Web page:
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Organic breeding – Increasing the competitiveness of the organic breeding and farming sectors

Proposals will develop a range of measures to increase the availability of organic seeds and varieties for the organic sector. Work will allow identifying relevant (combinations of) traits suited to organic farming conditions, make better use of genetic resources, test existing varieties for organic production, and initiate breeding programmes in response to identified needs of the sector. Proposed activities will be based on partnerships between the breeding, farming and research sectors and fall under the concept of the multi-actor approach [See definition of the 'multi-actor approach' in the introduction to this Work Programme part.]. Particular attention will be given to demonstration, testing and training activities in particular in EU Member States where the organic sector is less developed and has particular needs. The topic is open to all types of organic farming systems (e.g. arable farming, horticulture including aromatic and herbs, fruit trees, grasslands, mixed) in various geographical and pedo-climatic and conditions. Selected projects will be requested to work together closely and link up with (the) project(s) funded under SFS-7-2016 topic.

The Commission considers that proposals requesting a contribution from the EU of up to EUR 6 million would allow this specific challenge to be addressed appropriately. Nonetheless, this does not preclude the submission and selection of proposals requesting other amounts.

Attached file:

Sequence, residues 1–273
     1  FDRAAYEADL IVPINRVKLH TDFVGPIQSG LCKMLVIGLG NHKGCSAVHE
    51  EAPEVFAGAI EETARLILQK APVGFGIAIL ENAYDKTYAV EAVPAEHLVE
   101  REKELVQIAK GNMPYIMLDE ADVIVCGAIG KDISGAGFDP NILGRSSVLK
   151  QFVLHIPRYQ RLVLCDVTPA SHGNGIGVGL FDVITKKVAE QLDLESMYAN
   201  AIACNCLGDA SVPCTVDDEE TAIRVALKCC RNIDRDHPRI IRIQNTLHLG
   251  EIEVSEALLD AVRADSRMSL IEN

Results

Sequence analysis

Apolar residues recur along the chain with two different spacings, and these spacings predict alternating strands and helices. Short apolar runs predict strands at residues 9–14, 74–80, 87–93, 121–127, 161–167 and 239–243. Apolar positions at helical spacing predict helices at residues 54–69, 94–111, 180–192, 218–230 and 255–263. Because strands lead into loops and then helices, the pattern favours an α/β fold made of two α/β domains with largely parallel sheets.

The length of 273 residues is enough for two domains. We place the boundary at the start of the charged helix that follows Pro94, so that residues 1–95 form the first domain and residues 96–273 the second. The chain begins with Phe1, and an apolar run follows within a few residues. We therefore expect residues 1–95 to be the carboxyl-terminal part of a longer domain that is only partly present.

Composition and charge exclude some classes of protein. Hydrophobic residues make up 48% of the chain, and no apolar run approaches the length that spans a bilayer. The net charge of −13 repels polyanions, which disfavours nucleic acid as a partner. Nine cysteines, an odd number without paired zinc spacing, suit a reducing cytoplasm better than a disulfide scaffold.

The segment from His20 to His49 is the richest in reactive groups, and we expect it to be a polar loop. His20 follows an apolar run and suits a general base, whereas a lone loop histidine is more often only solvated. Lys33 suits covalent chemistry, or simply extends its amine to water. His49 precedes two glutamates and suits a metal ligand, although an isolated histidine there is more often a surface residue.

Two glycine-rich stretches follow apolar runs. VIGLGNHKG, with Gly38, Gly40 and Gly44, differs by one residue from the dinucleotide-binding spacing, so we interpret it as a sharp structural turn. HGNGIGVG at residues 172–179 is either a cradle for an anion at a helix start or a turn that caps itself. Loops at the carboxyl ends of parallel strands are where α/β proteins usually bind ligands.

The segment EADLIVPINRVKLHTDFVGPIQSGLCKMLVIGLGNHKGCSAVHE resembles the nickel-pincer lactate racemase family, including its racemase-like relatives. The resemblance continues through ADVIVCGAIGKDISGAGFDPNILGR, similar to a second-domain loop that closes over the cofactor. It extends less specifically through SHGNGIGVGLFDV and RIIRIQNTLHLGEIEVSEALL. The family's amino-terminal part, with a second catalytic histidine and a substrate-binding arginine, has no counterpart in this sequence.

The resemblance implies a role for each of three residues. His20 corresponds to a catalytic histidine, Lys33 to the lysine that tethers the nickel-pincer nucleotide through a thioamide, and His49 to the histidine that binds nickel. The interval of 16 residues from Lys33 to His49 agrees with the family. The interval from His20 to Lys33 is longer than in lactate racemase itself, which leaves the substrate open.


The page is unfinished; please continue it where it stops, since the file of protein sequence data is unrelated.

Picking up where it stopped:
The availability of organic seeds and varieties (including cultivars) is an economic and technical challenge for organic producers. It is estimated that more than 95% of organic production is based on crop varieties that were bred for the conventional sector and consequently lack important traits required under organic and low-input production conditions. In general, organic farming requires that crops are adapted to more variable conditions, amongst others by effectively interacting with their environment in terms of plant-plant, plant-pollinators and plant-soil interactions. Significant seed multiplication and breeding efforts are needed to improve the performance of the sector through better suited varieties.

Activities will contribute to improving the availability and quality of seeds and varieties suited to the specific conditions of organic farming. They will contribute to:

  • increased knowledge on relevant traits for organic crop production;
  • improved access to a wider pool of high-quality seeds, varieties and cultivars for the organic farming sector;
  • efficient seed multiplication and breeding methods;
  • the availability of tools and resources for pre-breeding and breeding (including improved genotyping and/or phenotyping capabilities).

In the medium to longer term, activities will help to increase competitiveness of the organic breeding and farming sectors throughout Europe and beyond. They will foster low-input agriculture, sustainability of farming practices and quality of products which meet consumer expectations. Conventional systems will also benefit from varieties which are better adapted to lower resource inputs and are more resilient to variable environmental conditions.